The sales role was to deliver a new product justification form for each new product. The form included details on the customer and decision-making team, the project, a full product description, target prices, sample delivery and production delivery timescales, including quantities.

The first pass screening process included the sales and marketing director and a product marketing executive. They focused on moving the process forward to deliver relatively quick feedback to sales.

Before the meeting, the Product Marketing Executive carried out initial desk research. This included a competition, product mix and basic capability review.

Gate 1 of the first pass screening process was to determine if the product fit with current capability; Gate 2 was lifetime financial value. Both gates were pass or fail. Surviving products were scored against several criteria including:

  • Competition.
  • Fit with the existing product range.
  • Key customer.
  • Relationship risk.
  • Strategic project.

Some were ranked 1-5, others 5-1, A 60% of the total score was required to move forward to screen2.

Before the capability and screen 2 meeting, participants had access to information gleaned from the screening process to date and sufficient time to undertake top-level research.

Screen 2 and capability review was a group discussion rather than a value-based gating process. The discussion group included department heads, finance and the sales and marketing director. If necessary, at Screen2, the relevant salesperson attended.

Challenges and Lessons

Each of the main lessons learned from the experience of the process is summarised below:

Data Input (Sales Form) – The data delivered by sales often proved unreliable. As sales became aware of screening criteria, some were able to massage the figures.

Me too – A high proportion of potential new products input by sales were copies of existing competitor products, rather than true new products.

Market focus – The process failed to address three of the 4A’s (Jagdish Sheth). That is market acceptability, accessibility and affordability across multiple potential customers and markets.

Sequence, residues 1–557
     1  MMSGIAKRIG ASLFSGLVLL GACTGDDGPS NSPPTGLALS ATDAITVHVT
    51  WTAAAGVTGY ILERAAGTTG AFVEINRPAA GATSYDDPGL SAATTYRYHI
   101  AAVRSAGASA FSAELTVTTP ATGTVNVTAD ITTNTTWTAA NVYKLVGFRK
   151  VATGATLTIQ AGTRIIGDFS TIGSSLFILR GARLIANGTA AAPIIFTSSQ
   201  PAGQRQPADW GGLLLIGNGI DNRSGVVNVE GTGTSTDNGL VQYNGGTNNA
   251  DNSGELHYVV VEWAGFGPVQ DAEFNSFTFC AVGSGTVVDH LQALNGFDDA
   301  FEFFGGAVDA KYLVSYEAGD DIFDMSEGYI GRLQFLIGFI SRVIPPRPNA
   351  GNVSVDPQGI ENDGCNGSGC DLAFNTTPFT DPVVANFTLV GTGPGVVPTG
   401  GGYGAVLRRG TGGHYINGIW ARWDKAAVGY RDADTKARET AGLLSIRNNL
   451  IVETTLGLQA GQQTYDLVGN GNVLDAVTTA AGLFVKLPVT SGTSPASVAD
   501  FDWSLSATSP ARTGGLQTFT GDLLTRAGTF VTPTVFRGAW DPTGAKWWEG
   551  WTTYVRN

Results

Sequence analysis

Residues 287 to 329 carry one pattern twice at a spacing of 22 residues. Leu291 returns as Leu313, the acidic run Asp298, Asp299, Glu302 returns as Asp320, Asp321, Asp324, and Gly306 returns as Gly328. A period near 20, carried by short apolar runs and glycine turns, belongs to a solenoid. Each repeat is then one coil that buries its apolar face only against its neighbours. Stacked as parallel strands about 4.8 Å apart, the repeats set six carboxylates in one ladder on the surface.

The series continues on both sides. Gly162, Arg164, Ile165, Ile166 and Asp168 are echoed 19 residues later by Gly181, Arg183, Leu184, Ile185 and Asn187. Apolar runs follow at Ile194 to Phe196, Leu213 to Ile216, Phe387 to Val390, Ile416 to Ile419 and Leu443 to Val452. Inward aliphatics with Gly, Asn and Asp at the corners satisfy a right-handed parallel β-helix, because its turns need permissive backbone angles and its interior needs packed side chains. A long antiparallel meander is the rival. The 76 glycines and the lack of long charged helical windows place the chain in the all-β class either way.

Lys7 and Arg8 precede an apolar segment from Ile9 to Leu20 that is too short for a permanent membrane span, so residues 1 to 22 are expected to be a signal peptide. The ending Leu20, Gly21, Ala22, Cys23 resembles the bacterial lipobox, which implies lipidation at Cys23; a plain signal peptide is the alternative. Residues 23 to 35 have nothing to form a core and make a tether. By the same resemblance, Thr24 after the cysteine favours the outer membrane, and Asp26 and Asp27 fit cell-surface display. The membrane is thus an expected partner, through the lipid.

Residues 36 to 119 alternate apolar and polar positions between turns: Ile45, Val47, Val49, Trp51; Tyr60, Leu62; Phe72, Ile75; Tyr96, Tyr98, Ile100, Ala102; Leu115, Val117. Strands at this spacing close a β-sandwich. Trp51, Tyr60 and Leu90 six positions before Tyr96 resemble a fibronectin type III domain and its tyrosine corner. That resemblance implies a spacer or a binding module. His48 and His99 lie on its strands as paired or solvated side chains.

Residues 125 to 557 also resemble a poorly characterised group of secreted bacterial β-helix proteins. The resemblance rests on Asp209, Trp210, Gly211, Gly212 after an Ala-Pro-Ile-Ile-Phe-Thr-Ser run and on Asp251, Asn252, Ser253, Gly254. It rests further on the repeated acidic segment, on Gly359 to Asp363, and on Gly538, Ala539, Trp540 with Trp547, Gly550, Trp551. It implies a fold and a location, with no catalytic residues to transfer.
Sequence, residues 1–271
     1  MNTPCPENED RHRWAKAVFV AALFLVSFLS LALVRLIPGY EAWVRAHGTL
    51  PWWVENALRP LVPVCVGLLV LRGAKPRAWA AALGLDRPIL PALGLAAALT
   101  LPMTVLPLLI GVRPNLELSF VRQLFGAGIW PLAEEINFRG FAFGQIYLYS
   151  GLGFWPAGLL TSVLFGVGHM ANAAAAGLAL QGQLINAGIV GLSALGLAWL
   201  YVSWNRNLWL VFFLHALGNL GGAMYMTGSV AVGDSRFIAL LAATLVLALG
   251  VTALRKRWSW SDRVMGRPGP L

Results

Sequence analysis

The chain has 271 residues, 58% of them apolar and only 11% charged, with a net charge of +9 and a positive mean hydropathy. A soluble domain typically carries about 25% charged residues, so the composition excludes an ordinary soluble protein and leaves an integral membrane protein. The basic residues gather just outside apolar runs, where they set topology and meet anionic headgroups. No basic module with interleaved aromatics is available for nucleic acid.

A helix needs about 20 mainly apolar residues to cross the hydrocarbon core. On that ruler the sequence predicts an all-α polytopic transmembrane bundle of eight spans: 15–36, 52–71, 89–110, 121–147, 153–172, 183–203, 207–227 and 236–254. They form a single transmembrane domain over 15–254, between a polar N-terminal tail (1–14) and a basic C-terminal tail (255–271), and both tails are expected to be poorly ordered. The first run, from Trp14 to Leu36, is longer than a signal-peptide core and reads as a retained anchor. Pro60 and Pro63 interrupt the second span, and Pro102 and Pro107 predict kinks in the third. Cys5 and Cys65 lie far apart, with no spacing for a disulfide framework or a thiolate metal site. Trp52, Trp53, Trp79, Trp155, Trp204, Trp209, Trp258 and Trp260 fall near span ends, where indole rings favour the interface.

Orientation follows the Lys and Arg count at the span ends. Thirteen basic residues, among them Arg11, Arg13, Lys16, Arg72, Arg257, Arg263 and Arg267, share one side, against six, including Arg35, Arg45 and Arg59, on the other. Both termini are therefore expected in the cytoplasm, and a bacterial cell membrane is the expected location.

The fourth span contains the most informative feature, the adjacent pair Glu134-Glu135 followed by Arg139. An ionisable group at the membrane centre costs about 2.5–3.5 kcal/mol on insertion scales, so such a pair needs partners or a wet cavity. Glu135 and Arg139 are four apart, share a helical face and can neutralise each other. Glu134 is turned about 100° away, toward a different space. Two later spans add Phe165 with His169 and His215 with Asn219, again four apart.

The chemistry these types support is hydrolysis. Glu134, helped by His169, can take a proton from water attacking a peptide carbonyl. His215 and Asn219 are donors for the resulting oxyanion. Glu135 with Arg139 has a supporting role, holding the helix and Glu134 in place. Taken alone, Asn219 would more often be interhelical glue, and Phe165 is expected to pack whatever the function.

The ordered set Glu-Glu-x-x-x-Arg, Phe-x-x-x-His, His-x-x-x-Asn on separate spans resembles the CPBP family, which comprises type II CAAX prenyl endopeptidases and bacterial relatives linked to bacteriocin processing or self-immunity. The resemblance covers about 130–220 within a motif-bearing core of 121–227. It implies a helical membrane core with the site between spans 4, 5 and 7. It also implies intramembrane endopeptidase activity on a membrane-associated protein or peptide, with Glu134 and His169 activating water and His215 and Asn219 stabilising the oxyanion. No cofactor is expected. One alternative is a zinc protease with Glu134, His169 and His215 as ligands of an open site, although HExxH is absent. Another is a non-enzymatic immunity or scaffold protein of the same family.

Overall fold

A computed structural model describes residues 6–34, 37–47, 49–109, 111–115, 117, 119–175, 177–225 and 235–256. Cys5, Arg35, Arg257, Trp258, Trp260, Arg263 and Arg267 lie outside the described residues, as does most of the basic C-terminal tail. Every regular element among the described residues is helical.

Research – Product and market research before screen 2 proved to be inadequate.
Financial gate – Subsequent analysis showed products with potential stopped at the financial gate. Part of the problem was the sales input form, but the major issue was forecasting the potential value of something new to the market.

Order requirement – Products surviving screen 2 failed to progress without a customer order. With hindsight, it was perceived some products should have progressed as a company-funded R&D process.

Agendas – Product ideas generated by key customers received undue attention over those (potentially better ideas) from smaller or new customers. New products perceived as lower risk (financial and capability) progressed ahead of those with more potential.

Human factors – The capability screen and screen 2 were open discussion forums without a scorecard. As in any group discussion, dominant personalities (especially those backed by seniority) tended to win the argument.

Conclusion

In principle, a new product screening process is a crucial step in ensuring the successful development and launch of innovative new products. A structured approach, such as a gated process guided by a scorecard, provides a logical and systematic framework. However, implementing such a process often fails to yield the expected results.

In the above example, hindsight showed many good and valid ideas were dropped. The main problems were human issues and a key customer focus. The process screened out ideas simply because they were perceived as too difficult or failed to fit with current manufacturing capability.

Experience shows a new product screening process is better than proceeding simply based on gut feel, but it is important to be aware of its limitations.